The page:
printf ("<table border=1>");
  printf ("<tr><td><b>id</b></td><td><b>web server</b></td><td><b>db server</b></td><td><b>date created</b></td></tr>");
  while ($row = mysqli_fetch_assoc($result)) {
    printf ("<tr><td>". $row["id"] . "</td><td>".$row["web"]. "</td><td>".$row["db"]."</td><td>".$row["datecreated"]."</td></tr>");
  }
  printf ("</table>");
} else {
  printf ("<p>ERROR: Cannot show all records.</p>");
}
mysqli_free_result($result);

mysqli_close($cnn_db);
?>
</body>
</html>
Step #3 - Access the page from a browser

Open a browser and access the test page from your load balancer's virtual IP:

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https://mysite.mydomain.com
Press CTRL+F5 a few times to force a reload of the page. Each time you do this, it will insert another record into the database.

Example output when all servers are configured for round-robin connectivity:

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Connected successfully

INSERT INTO testtbl (web) VALUES ('srv-web3')

Records just inserted in database: 1

Total records in the table: 6

SELECT id, web, db, datecreated FROM testtbl ORDER BY id DESC;
id	web server	db server	date created
6	srv-web3	srv-db3	2019-08-09 16:23:40
5	srv-web2	srv-db2	2019-08-09 16:23:39
4	srv-web1	srv-db1	2019-08-09 16:23:38
3	srv-web3	srv-db3	2019-08-09 16:02:31
2	srv-web2	srv-db2	2019-08-09 16:02:30
1	srv-web1	srv-db1	2019-08-09 16:02:29
Example output when web servers are configured for source and databases have round-robin connectivity:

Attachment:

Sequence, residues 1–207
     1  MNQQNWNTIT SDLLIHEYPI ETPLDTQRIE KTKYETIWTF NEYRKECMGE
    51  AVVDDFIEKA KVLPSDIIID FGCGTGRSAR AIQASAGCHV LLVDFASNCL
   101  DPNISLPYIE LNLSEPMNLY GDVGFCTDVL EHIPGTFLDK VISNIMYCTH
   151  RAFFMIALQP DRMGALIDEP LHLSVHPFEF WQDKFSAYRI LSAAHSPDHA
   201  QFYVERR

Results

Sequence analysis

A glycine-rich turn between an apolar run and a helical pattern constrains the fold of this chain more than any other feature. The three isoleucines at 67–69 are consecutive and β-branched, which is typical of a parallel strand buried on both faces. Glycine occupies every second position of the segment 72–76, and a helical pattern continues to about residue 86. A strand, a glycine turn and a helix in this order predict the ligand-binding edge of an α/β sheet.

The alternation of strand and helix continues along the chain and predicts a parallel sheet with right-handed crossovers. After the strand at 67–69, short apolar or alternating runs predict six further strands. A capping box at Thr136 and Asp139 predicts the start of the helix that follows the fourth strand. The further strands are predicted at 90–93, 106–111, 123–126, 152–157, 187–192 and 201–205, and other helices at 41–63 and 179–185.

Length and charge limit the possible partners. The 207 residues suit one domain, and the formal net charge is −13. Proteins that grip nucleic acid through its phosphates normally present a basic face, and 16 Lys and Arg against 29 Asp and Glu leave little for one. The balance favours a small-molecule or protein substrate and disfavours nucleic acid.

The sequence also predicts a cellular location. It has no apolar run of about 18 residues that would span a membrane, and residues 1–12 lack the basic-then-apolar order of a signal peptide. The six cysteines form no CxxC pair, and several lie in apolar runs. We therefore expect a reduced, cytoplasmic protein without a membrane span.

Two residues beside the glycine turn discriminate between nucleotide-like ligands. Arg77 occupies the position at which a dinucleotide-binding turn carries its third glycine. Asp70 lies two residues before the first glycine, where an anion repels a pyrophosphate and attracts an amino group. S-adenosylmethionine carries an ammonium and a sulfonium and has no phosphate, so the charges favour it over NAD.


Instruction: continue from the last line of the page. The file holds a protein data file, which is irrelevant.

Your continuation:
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Connected successfully

INSERT INTO testtbl (web) VALUES ('srv-web3')

Records just inserted in database: 1

Total records in the table: 6

SELECT id, web, db, datecreated FROM testtbl ORDER BY id DESC;
id	web server	db server	date created
6	srv-web1	srv-db3	2019-08-09 16:23:40
5	srv-web1	srv-db2	2019-08-09 16:23:39
4	srv-web1	srv-db1	2019-08-09 16:23:38
3	srv-web1	srv-db3	2019-08-09 16:02:31
2	srv-web1	srv-db2	2019-08-09 16:02:30
1	srv-web1	srv-db1	2019-08-09 16:02:29
Step #4 - Remove test

Run this command on each web server to remove the PHP file:

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sudo rm /var/www/mysite.mydomain.com/testsql.php
Run these commands from one of the database nodes in the cluster:

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#mysql -u root -p
DROP USER testdbuser;
DROP DATABASE testdb;
exit